The measured man

June 25, 2012 | Source: The Atlantic

(Credit: Calit2)

Dr. Larry Smarr, Director of the California Institute for Telecommunications and Information Technology (Calit2), is charting his every bodily function in minute detail. What he’s discovering may be the future of health care: a patient-centric, computer-assisted world of medical care.

At 63, he is engaged in a computer-aided study of the human body — specifically, his body. It’s the start of a process that he believes will help lead, within 10 years, to the development of “a distributed planetary computer of enormous power,” one that is composed of a billion processors and will enable scientists to create, among many other things, a working computational model of your particular body.

Not just some generalized atlas of the human frame, but a working model of your unique corpus, grounded in your own genome, and—using data collected by nanosensors and transmitted by smartphone — refreshed continually with measurements from your body’s insides.

This information stream will be collated with similar readings from millions of other similarly monitored bodies all over the planet. Mining this enormous database, software will produce detailed guidance about diet, supplements, exercise, medication, or treatment — guidance based not on the current practice of lumping symptoms together into broad categories of disorders, but on a precise reading of your own body’s peculiarities and its status in real time.


When Smarr works out, an armband records skin temperature, heat flux, galvanic skin response, and acceleration in three dimensions. When he sleeps, a headband monitors the patterns of his sleep every 30 seconds. He has his blood drawn as many as eight times a year, and regularly tracks 100 separate markers.

He is in the vanguard of what some call the “quantified life,” which envisions replacing the guesswork and supposition presently guiding individual health decisions with specific guidance tailored to the particular details of each person’s body.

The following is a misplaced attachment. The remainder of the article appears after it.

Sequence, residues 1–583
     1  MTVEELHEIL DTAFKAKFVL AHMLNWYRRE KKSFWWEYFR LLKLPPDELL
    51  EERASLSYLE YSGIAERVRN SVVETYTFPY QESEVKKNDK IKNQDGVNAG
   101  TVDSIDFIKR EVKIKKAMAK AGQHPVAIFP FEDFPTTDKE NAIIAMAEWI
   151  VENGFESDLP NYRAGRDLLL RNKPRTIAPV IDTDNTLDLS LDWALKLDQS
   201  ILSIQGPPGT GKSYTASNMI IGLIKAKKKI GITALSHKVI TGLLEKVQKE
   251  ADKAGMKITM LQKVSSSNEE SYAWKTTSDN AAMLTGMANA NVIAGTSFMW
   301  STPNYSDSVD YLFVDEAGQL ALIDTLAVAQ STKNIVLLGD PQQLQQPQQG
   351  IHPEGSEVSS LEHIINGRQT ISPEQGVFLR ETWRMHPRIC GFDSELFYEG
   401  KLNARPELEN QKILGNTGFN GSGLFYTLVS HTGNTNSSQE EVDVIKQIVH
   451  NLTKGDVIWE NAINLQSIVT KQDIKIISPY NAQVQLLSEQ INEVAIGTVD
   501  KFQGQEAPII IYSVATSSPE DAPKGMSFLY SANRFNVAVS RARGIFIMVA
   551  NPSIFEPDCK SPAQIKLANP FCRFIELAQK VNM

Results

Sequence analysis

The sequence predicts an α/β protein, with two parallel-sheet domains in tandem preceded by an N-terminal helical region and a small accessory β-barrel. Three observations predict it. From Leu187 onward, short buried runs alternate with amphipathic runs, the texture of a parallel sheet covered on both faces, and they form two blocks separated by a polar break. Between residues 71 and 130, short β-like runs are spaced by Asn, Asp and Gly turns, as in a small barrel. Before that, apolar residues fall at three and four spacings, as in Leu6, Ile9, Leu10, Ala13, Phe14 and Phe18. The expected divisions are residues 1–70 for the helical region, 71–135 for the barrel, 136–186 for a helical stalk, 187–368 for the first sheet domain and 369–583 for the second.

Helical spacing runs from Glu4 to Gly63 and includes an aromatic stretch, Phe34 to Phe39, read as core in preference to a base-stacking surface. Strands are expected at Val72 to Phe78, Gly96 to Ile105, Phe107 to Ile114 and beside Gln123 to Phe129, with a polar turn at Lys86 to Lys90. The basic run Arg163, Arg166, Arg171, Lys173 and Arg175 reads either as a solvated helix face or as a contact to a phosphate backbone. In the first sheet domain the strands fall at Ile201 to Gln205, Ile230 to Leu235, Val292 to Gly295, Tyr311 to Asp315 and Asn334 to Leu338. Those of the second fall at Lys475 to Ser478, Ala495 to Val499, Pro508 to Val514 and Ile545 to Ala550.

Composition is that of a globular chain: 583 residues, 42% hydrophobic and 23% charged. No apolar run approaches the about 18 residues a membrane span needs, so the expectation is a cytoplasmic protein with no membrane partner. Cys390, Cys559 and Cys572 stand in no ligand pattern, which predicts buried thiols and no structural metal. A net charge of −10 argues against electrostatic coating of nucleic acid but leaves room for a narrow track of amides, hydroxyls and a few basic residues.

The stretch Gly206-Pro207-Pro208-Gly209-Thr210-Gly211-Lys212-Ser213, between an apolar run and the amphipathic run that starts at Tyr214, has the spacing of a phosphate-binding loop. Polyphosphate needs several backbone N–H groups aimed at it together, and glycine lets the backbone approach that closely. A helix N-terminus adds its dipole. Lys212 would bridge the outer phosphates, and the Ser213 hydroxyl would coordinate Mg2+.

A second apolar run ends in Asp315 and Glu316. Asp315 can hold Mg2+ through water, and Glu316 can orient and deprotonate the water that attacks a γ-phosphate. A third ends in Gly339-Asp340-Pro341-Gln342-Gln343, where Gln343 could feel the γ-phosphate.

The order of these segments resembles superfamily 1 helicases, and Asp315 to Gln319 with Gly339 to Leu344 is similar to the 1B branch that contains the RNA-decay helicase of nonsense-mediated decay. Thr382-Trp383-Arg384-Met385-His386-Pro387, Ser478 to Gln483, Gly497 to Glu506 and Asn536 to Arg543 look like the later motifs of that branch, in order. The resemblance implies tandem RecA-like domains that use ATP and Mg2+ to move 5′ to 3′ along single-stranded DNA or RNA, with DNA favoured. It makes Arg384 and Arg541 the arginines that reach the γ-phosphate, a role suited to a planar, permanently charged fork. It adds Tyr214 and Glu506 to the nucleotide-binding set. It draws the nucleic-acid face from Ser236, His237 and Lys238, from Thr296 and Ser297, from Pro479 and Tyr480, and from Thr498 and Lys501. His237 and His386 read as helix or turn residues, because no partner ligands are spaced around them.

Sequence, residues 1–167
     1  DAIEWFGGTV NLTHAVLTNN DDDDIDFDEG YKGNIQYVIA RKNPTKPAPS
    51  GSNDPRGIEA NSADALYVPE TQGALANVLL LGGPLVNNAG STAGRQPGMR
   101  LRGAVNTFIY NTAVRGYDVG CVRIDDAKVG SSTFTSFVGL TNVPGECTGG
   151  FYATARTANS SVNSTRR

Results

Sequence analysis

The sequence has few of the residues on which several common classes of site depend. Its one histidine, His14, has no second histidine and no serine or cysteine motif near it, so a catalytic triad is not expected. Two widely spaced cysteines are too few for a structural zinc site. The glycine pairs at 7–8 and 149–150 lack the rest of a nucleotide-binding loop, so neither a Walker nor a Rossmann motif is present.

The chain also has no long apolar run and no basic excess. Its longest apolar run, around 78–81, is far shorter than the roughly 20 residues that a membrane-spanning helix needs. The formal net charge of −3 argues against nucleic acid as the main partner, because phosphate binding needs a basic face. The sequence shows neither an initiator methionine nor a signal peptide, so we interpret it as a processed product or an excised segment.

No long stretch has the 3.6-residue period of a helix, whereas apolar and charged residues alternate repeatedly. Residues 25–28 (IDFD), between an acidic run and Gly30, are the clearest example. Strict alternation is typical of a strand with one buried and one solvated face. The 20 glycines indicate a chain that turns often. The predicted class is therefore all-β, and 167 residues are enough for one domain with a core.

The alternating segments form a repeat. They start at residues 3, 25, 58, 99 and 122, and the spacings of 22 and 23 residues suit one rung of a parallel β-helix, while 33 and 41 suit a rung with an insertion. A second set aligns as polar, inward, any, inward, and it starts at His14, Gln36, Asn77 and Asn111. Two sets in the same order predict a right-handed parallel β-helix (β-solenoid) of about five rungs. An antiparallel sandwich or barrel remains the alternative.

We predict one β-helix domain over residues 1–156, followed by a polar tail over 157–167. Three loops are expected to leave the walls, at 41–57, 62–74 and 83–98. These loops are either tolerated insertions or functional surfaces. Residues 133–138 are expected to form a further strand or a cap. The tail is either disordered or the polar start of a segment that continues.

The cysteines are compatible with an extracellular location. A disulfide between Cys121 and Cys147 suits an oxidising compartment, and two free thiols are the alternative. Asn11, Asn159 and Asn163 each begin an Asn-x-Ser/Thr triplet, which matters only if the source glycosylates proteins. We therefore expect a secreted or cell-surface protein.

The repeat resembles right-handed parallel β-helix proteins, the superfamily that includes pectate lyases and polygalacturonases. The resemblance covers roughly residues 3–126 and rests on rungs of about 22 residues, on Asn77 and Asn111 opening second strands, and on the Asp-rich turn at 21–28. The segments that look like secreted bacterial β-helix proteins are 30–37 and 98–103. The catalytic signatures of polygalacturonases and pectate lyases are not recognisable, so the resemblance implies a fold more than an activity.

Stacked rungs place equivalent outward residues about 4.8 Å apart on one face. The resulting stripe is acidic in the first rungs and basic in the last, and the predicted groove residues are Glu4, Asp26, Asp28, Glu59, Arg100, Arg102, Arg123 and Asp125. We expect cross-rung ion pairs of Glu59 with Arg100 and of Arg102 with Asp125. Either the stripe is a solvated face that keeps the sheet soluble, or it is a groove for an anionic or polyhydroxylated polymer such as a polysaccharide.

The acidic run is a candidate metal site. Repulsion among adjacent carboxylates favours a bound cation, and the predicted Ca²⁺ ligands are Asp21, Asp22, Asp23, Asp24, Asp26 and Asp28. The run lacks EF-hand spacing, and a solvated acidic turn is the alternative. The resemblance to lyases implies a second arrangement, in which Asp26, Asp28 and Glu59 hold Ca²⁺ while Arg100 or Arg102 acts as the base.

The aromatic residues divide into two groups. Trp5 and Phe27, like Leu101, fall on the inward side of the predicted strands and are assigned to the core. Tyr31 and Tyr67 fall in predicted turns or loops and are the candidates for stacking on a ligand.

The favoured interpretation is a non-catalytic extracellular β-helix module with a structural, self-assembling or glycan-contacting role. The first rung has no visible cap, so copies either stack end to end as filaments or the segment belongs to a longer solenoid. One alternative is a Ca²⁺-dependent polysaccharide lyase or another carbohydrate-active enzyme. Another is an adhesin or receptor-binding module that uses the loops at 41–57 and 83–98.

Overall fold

The way a computer scientist tends to see it, a genome is a given individual’s basic program. Mapping one used to cost billions. Today it can be done for thousands, and soon the price will drop below $1,000. Once people know their genetic codes, and begin thoroughly monitoring their bodily systems, they will theoretically approach the point where computers can “know” a lot more about them than any doctor ever could. In such a world, people will spot disease long before they feel sick. They will regard the doctor as more consultant than oracle.

“We are going to know—once you know each of your cells’ 6 billion genome bases, with all the imaging down to the micron level, and when you know every damn gene and every bacterium—at a certain point, there is no more data to know,” he says…. Once they are armed with the wiring diagram, he sees no reason why individuals cannot maintain their health the way modern car owners maintain their automobiles.

Medicine has barely begun to take advantage of the million-fold increase in the amount of data available for the diagnosis and treatment of disease. The way the system works now, when a technician examines the MRI of a patient’s abdomen, in two dimensions, on a single screen, she compares and contrasts it with perhaps thousands or even tens of thousands of other images she has seen and writes a report to the physician explaining, on the basis of her memory and experience, what is normal or abnormal in what she sees.

If Smarr is right, then our descendants may view early-21st-century medical practices, which we consider a triumph of reason over superstition, in the same way we now view 18th- and 19th-century folk remedies. A particularly likely candidate for scorn in an age of “quantified” health care is our one-pill-fits-all approach to prescription drugs.

Getting there will mean essentially dismantling the health-care industry as we know it. “A lot of enormously wealthy, established, powerful institutions in our society are going to be destroyed.”